Newspaper article The Canadian Press

Editorial Exchange: Climate Politics Looking Sunny

Newspaper article The Canadian Press

Editorial Exchange: Climate Politics Looking Sunny

Article excerpt

Editorial Exchange: Climate politics looking sunny


An editorial from the Winnipeg Free Press, published Nov. 24:

The election of Prime Minister Justin Trudeau's Liberals seems to have ended the drought and ushered in an era of abundance in terms of willingness to tackle climate change.

It's not that the provinces weren't talking about the problem before. Ontario, B.C. and Quebec were moving ahead with strategies to reduce carbon emissions, while others, including Manitoba, were dilly-dallying with minor initiatives.

Today, however, the premiers are falling over themselves with promises to reduce emissions and fight climate change.

Alberta Premier Rachel Notley showed the sky won't fall if the oil industry and the economy in general are forced to lower their emissions through carbon taxes and cap-and-trade regulations.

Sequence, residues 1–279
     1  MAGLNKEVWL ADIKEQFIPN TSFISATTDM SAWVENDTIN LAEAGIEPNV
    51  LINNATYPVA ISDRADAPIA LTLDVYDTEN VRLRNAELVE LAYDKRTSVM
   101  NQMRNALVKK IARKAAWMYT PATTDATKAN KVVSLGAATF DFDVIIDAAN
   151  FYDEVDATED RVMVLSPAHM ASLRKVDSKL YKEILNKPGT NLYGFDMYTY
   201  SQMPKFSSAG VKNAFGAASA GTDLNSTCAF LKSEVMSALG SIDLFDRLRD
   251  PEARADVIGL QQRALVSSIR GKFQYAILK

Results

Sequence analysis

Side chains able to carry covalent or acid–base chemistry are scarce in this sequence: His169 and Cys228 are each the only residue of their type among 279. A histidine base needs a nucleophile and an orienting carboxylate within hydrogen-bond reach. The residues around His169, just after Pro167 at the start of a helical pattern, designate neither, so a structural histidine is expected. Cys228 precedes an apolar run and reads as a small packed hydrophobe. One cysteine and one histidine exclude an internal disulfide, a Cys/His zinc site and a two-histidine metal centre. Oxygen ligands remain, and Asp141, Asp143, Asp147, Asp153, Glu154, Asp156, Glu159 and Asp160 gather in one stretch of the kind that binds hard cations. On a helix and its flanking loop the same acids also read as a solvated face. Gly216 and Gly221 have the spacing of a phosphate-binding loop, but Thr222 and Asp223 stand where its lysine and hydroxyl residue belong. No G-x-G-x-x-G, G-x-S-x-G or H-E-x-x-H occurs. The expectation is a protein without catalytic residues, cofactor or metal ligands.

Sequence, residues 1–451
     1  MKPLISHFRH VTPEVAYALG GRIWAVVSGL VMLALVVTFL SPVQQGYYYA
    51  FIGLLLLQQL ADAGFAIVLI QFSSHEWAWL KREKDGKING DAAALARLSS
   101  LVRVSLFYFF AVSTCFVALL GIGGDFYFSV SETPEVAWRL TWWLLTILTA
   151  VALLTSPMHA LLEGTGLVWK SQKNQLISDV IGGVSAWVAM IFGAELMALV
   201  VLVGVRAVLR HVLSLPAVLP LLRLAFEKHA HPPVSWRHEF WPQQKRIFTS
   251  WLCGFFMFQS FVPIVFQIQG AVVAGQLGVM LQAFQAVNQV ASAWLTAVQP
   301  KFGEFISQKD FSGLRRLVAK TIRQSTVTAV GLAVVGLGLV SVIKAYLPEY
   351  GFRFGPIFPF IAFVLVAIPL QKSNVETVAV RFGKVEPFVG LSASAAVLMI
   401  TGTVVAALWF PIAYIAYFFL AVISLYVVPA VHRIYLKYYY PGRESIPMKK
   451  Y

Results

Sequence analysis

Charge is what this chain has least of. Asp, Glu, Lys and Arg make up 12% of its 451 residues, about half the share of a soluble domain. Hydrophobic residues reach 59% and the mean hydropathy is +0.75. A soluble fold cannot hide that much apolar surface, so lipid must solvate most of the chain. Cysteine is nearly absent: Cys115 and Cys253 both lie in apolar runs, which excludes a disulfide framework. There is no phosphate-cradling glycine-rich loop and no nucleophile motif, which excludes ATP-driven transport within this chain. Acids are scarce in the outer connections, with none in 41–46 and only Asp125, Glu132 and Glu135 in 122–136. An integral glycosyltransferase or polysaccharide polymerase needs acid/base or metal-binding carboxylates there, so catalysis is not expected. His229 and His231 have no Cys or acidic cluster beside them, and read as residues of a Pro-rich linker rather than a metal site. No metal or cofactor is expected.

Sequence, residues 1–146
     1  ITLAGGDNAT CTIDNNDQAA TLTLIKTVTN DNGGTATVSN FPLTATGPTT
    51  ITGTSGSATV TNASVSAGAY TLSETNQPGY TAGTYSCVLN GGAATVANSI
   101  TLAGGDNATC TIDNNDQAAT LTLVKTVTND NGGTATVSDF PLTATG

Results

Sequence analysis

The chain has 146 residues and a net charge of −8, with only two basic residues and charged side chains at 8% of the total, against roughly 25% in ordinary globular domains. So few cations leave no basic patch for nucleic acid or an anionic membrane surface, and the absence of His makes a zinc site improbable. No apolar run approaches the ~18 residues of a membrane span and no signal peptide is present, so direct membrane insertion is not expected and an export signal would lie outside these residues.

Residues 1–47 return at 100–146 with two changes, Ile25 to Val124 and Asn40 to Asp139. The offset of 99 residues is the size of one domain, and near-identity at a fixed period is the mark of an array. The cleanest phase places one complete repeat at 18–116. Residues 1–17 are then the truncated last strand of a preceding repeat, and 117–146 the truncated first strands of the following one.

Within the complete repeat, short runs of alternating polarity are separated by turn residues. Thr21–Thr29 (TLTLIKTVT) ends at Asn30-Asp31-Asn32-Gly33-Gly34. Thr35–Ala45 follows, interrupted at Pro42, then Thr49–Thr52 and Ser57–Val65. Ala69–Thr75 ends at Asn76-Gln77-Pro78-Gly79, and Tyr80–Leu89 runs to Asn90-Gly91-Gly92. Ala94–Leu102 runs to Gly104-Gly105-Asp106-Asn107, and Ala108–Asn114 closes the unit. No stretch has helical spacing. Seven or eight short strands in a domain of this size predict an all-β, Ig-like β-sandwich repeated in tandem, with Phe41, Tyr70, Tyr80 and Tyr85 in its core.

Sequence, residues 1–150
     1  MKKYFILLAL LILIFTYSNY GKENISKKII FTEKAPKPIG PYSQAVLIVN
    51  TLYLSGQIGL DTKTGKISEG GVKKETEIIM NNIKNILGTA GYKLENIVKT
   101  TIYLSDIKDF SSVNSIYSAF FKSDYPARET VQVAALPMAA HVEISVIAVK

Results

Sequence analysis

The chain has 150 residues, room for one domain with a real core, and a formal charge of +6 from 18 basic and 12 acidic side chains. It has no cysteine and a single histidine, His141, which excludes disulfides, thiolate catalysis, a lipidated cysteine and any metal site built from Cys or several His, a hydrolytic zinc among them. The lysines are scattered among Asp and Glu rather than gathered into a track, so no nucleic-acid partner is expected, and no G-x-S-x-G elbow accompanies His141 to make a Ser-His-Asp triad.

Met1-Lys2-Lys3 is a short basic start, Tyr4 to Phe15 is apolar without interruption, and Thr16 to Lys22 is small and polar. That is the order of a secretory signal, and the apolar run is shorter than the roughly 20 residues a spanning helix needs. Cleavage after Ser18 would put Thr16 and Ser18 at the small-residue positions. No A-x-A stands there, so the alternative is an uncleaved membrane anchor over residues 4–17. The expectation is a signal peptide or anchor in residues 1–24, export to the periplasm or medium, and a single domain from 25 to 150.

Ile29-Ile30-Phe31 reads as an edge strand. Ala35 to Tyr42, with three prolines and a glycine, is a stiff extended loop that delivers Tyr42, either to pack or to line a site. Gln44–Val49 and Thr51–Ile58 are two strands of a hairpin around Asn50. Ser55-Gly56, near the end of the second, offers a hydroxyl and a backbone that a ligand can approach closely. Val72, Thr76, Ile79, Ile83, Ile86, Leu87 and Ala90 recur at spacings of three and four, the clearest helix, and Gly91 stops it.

Oil executives even lined up behind her, saying the new environmental regime will position Alberta as a climate leader. Of course, it will also make it easier to sell that dirty oil once the price rebounds.

Ontario also announced a wide range of new measures Tuesday, promising to reduce emissions by 80 per cent over 1990 levels by 2050. In addition to a cap-and-trade system, the province will get more electric cars on the roads and change building codes to create more environmentally friendly buildings.

Premier Greg Selinger was more political, saying he won't release Manitoba's strategy until Dec. 3, the last day the legislature sits this year. He will then head to Paris with the other premiers for a climate conference in Paris.

Mr. Selinger did say the province would embrace a cap-and-trade system for major emitters, among other initiatives. He is opposed to a provincewide carbon tax.

It may be premature to judge his plans, but it will be interesting to see what has changed since 2010, when public consultations recommended against such a program because the province has only four large emitters. …

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